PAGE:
A recipe written for an 8 quart stovetop pressure cooker calls for 3/4 cup of chicken broth in the pressure cooker. It includes a note that a 6 quart electric pressure cooker must instead use 1 3/4 cup (an entire cup more!) and notes that the dish will need to be simmered for 10 minutes after pressure cooking in order to thicken.
I want to understand why the extra liquid is needed. Surely it isn't because of the smaller size (smaller size suggests less liquid to me). It seems like it must be because of the stovetop vs electric difference.
The recipe is pressure cooked with the following ingredients:
- 8 bone-in chicken thighs, skinned
- salt and pepper
- 1 onion, chopped fine
- 3 garlic gloves, minced
- 1 tablespoon fat (from a previous short searing step)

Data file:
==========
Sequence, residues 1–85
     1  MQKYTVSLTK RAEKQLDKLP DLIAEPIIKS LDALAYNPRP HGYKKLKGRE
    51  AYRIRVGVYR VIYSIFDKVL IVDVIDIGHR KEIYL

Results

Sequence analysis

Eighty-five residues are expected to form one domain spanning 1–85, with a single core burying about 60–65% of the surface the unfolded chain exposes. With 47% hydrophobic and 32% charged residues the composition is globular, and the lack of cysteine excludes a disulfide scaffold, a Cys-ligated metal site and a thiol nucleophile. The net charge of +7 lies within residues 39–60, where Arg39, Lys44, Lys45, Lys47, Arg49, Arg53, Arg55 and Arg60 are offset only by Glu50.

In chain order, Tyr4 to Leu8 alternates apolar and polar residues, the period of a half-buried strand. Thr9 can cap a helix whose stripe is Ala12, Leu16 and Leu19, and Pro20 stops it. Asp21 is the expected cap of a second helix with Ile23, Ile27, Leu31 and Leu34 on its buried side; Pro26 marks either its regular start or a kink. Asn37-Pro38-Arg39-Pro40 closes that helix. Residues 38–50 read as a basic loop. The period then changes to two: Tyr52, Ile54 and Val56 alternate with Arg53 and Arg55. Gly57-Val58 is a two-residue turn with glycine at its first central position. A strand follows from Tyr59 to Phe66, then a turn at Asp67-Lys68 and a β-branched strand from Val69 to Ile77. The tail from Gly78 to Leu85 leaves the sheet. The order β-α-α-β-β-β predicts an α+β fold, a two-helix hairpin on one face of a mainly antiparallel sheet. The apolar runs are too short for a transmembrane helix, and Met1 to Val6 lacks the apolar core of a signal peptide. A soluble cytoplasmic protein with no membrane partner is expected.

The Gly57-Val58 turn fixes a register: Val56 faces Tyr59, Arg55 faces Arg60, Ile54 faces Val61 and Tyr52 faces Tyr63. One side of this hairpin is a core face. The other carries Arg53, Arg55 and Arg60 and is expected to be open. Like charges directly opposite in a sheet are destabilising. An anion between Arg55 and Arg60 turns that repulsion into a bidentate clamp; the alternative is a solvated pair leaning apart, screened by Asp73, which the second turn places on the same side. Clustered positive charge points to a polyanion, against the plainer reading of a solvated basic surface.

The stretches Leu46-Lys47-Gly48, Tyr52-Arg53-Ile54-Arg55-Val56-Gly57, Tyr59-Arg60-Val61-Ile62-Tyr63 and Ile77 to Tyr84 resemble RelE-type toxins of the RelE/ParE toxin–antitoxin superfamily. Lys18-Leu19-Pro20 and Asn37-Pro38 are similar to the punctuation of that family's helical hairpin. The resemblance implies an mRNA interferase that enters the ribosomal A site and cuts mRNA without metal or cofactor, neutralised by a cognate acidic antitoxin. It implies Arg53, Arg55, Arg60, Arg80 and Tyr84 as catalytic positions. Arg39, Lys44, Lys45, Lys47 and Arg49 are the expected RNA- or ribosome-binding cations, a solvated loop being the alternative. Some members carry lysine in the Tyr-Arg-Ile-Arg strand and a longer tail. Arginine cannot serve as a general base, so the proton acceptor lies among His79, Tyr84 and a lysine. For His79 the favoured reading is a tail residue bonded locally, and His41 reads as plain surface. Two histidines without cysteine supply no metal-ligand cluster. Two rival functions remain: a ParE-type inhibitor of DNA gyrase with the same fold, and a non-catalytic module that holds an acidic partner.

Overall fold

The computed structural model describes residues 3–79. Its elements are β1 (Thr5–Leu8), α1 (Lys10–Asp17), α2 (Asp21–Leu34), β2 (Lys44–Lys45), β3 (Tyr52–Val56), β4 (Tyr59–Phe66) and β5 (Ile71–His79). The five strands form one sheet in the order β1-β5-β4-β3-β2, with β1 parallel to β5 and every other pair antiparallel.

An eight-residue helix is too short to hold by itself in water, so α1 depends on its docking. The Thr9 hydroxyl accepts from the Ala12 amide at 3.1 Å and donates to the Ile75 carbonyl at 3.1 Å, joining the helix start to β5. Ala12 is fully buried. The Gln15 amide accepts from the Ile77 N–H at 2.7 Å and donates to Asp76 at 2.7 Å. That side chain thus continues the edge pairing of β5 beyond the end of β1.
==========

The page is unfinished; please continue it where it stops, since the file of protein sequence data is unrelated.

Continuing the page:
- 1/2 cup dry white wine
- 3/4 cup chicken broth (increases to 1 3/4 cup for a 6 quart electric pressure cooker)
- 2 pounds small red potatoes, halved
The top Google hit for "stovetop vs electric pressure cooker liquid" on my machine suggests that stovetop pressure cookers might require a little more liquid than an electric (which is the opposite of the change the recipe calls for).
Why does the recipe call for so much more liquid when using a smaller electric pressure cooker?